Some chronic diseases change the way our bodies process, absorb, or utilize nutrients. If you are being treated for a long-term health condition, talk to your doctor about how it impacts your nutrition and ask if they recommend a multivitamin supplement.
Are there any negatives of multivitamins?
While the potential benefits of multivitamins are clear, it is also important to consider potential negatives of multivitamins.
Our bodies are efficient machines and can filter out some - but not all - extra intake of vitamins or minerals that we don’t need to use. However, taking megadoses (2-3 or more times the needed amount) of some nutrients can actually be detrimental to your health.
For example, too much iron can cause constipation and too much vitamin A can cause toxicity. Our liver and kidneys are quite efficient at filtering out waste, but many vitamins and minerals have “tolerable upper limits” set in addition to their recommended daily intake levels.
It is also important to consider your diet and check your multivitamin labels to make sure it is actually targeting the vitamins and minerals that you may need a boost of. Often times multivitamins are packed with 200 or 300% of the recommended daily amount of a vitamin - which doesn’t necessarily make them better.
Whilst some high doses can be detrimental to our health, others just get fltered out by our bodies and wasted.
Are multivitamins worth taking?
So, are multivitamins good for you? They certainly can help you meet the goal levels of nutrients based on your age, activity level, and health status. If you are on a restrictive diet for any reason, showing signs of deficiencies, or getting older, they’re also likely to be beneficial.
Can they also be overused?
Absolutely. Be a smart consumer and do your research (along with your consulting your GP) into which type of multivitamin might be the most effective for you and purchase from a reputable brand.
Are multivitamins worth it?
If you have reason to believe you are deficient in key nutrients, taking a multivitamin can be a game changer. Our bodies function most efficiently when we give them all of the fuel - both macro and micronutrients - that they need. Multivitamins can certainly be worth it if you use them correctly and choose the most appropriate type for you.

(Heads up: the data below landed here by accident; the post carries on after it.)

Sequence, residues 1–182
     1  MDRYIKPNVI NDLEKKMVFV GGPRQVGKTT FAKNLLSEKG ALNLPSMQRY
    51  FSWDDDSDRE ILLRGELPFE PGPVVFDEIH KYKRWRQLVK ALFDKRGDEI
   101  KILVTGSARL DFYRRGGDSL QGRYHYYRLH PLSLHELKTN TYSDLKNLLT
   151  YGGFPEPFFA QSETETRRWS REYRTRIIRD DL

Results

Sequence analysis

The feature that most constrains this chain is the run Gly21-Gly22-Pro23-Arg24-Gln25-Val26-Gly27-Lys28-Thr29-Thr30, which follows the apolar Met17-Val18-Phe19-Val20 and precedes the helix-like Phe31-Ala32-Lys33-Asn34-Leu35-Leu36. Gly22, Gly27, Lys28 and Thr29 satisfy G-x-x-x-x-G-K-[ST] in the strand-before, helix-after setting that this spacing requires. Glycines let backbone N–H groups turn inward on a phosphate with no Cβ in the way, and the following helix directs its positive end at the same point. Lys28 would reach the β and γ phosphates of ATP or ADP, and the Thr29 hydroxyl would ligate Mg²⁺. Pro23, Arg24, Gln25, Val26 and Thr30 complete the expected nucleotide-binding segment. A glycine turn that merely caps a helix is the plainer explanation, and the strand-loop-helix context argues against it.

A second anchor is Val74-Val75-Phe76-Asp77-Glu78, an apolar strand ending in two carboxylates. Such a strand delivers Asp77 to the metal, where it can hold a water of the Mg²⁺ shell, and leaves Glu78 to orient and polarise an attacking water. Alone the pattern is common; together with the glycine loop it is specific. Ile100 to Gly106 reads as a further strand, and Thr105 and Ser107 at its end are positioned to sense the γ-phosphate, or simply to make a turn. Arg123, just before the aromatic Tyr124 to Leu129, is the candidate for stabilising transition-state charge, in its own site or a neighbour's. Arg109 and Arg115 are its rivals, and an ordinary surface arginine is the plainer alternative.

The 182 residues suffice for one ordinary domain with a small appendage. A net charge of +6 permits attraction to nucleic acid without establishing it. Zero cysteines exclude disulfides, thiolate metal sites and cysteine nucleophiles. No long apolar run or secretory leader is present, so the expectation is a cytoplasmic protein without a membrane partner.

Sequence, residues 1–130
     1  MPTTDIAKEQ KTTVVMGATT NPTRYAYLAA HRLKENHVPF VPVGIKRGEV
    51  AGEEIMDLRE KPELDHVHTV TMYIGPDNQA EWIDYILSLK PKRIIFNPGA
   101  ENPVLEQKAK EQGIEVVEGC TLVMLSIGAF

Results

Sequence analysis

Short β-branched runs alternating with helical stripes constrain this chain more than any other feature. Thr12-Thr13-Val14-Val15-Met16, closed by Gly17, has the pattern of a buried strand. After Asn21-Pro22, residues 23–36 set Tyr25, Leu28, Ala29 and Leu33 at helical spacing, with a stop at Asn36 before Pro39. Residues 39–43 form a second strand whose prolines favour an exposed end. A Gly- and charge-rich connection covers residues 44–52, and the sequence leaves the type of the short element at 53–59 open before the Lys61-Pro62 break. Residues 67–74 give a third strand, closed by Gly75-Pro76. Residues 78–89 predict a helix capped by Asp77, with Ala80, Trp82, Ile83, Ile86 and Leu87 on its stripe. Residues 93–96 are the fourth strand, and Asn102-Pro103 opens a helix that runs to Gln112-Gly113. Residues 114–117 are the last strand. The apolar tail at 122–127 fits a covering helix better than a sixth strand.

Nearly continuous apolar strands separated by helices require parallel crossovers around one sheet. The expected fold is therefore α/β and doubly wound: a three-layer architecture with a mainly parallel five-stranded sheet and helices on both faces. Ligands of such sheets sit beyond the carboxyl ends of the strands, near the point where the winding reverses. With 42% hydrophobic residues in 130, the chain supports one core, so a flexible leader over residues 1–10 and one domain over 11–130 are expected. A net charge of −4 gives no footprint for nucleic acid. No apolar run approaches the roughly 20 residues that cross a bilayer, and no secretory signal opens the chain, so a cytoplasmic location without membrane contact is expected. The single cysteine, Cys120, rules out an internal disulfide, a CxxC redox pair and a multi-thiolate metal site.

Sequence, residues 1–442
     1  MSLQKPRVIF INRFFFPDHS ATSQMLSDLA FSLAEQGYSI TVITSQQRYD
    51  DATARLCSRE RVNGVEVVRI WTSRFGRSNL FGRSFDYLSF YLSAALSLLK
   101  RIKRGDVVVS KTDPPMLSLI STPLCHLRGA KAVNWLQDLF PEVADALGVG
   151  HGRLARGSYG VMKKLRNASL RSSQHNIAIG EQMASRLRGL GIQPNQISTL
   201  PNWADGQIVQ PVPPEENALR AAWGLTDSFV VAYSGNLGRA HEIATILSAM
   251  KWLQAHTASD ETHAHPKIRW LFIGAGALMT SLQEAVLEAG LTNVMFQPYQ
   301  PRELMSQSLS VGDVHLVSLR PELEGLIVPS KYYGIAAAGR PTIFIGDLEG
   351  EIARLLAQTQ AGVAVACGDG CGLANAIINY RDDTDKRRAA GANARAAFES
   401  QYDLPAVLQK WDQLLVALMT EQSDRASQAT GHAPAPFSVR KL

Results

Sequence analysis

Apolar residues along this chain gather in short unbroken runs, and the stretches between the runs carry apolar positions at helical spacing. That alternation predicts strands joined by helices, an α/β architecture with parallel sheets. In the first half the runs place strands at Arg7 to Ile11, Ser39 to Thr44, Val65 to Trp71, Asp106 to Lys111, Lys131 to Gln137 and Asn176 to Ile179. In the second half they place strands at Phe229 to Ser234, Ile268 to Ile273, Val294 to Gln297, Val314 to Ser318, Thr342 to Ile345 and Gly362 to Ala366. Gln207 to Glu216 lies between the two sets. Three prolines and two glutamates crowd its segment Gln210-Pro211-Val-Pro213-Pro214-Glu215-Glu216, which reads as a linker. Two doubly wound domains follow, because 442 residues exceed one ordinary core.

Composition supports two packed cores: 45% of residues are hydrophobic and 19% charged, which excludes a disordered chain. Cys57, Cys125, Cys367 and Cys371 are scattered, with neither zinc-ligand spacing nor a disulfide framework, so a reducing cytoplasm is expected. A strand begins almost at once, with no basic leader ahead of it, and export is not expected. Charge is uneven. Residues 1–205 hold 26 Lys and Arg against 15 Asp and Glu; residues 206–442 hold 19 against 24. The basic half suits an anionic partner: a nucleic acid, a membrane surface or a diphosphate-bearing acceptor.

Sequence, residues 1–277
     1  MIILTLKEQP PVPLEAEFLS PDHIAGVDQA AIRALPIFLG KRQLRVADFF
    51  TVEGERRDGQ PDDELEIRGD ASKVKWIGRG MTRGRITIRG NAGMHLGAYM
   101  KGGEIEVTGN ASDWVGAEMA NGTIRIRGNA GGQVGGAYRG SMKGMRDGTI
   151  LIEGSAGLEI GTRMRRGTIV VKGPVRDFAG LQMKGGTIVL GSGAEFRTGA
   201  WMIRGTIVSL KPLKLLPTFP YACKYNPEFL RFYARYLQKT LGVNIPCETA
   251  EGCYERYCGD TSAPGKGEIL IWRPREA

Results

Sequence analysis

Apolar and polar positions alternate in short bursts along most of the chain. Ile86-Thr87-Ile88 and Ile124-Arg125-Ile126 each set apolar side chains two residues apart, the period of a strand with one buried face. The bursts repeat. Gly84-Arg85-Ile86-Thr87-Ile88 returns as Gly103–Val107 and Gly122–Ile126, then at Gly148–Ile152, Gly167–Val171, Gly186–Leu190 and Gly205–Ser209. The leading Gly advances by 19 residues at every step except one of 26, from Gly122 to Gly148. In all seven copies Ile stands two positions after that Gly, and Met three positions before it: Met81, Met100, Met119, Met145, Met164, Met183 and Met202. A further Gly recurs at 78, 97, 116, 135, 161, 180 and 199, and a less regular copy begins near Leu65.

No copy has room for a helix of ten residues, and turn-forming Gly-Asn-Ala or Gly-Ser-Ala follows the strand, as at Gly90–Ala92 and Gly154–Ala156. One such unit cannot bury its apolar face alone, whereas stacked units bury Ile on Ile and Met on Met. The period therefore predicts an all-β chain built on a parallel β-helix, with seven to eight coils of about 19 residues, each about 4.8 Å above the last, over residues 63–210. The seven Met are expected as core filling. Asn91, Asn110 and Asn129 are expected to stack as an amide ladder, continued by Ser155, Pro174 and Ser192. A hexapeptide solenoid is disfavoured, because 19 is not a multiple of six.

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Our articles should be used for informational and educational purposes only and are not intended to be taken as medical advice. If you're concerned, consult a health professional before taking dietary supplements or introducing any major changes to your diet.
- Christen, W. G., Gaziano, J. M., Hennekens, C. H., PHYSICIANS, F. T. S. C. O., & STUDY II, H. E. A. L. T. H. (2000). Design of Physicians’ Health Study II—a randomized trial of beta-carotene, vitamins E and C, and multivitamins, in prevention of cancer, cardiovascular disease, and eye disease, and review of results of completed trials. Annals of epidemiology, 10(2), 125-134.
- Milunsky, A., Jick, H., Jick, S. S., Bruell, C. L., MacLaughlin, D. S., Rothman, K. J., & Willett, W. (1989). Multivitamin/folic acid supplementation in early pregnancy reduces the prevalence of neural tube defects. Jama, 262(20), 2847-2852.
- Baroni, L., Goggi, S., Battaglino, R., Berveglieri, M., Fasan, I., Filippin, D., … & Battino, M. A. (2019). Vegan nutrition for mothers and children: Practical tools for healthcare providers. Nutrients, 11(1), 5.
- Xu, Q., Parks, C. G., DeRoo, L. A., Cawthon, R. M., Sandler, D. P., & Chen, H. (2009). Multivitamin use and telomere length in women. The American journal of clinical nutrition, 89(6), 1857-1863.
Claire is a Registered Dietitian through the Academy of Nutrition and Dietetics and a board-certified Health and Wellness Coach through the International Consortium for Health and Wellness Coaching. She has a Bachelor of Science in Biology and a Master’s degree in Clinical Dietetics and Nutrition from the University of Pittsburgh.
Talking and writing about food and fitness is at the heart of Claire’s ethos as she loves to use her experience to help others meet their health and wellness goals.
Claire is also a certified indoor cycling instructor and loves the mental and physical boost she gets from regular runs and yoga classes. When she’s not keeping fit herself, she’s cheering on her hometown’s sports teams in Pittsburgh, or cooking for her family in the kitchen.
Find out more about Claire’s experience here.